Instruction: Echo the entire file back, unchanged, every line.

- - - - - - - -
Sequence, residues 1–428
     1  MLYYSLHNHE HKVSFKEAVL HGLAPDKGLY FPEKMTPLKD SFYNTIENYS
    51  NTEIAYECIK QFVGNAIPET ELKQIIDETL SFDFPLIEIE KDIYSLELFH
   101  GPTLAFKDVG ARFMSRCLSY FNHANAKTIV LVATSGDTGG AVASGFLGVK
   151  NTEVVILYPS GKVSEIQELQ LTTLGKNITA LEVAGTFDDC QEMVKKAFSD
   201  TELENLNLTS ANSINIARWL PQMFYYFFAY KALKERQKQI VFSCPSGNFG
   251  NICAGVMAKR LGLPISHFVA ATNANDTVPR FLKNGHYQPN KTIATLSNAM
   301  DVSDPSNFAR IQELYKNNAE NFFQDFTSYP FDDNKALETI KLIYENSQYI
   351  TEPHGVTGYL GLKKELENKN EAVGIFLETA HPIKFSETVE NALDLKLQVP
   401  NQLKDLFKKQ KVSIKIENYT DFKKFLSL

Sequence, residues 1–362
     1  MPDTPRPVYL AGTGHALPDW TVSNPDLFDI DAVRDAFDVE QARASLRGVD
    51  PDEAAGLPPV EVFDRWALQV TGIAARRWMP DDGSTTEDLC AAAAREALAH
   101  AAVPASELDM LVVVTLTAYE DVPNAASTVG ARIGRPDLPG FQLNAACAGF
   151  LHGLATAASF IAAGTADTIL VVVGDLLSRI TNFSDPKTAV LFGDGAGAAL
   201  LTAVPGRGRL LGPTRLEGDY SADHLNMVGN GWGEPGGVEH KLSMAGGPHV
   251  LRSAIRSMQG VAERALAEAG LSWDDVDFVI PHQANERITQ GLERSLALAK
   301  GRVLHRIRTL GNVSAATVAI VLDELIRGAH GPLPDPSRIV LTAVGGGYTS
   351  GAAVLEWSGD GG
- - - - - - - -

Sequence, residues 1–428
     1  MLYYSLHNHE HKVSFKEAVL HGLAPDKGLY FPEKMTPLKD SFYNTIENYS
    51  NTEIAYECIK QFVGNAIPET ELKQIIDETL SFDFPLIEIE KDIYSLELFH
   101  GPTLAFKDVG ARFMSRCLSY FNHANAKTIV LVATSGDTGG AVASGFLGVK
   151  NTEVVILYPS GKVSEIQELQ LTTLGKNITA LEVAGTFDDC QEMVKKAFSD
   201  TELENLNLTS ANSINIARWL PQMFYYFFAY KALKERQKQI VFSCPSGNFG
   251  NICAGVMAKR LGLPISHFVA ATNANDTVPR FLKNGHYQPN KTIATLSNAM
   301  DVSDPSNFAR IQELYKNNAE NFFQDFTSYP FDDNKALETI KLIYENSQYI
   351  TEPHGVTGYL GLKKELENKN EAVGIFLETA HPIKFSETVE NALDLKLQVP
   401  NQLKDLFKKQ KVSIKIENYT DFKKFLSL

Sequence, residues 1–362
     1  MPDTPRPVYL AGTGHALPDW TVSNPDLFDI DAVRDAFDVE QARASLRGVD
    51  PDEAAGLPPV EVFDRWALQV TGIAARRWMP DDGSTTEDLC AAAAREALAH
   101  AAVPASELDM LVVVTLTAYE DVPNAASTVG ARIGRPDLPG FQLNAACAGF
   151  LHGLATAASF IAAGTADTIL VVVGDLLSRI TNFSDPKTAV LFGDGAGAAL
   201  LTAVPGRGRL LGPTRLEGDY SADHLNMVGN GWGEPGGVEH KLSMAGGPHV
   251  LRSAIRSMQG VAERALAEAG LSWDDVDFVI PHQANERITQ GLERSLALAK
   301  GRVLHRIRTL GNVSAATVAI VLDELIRGAH GPLPDPSRIV LTAVGGGYTS
   351  GAAVLEWSGD GG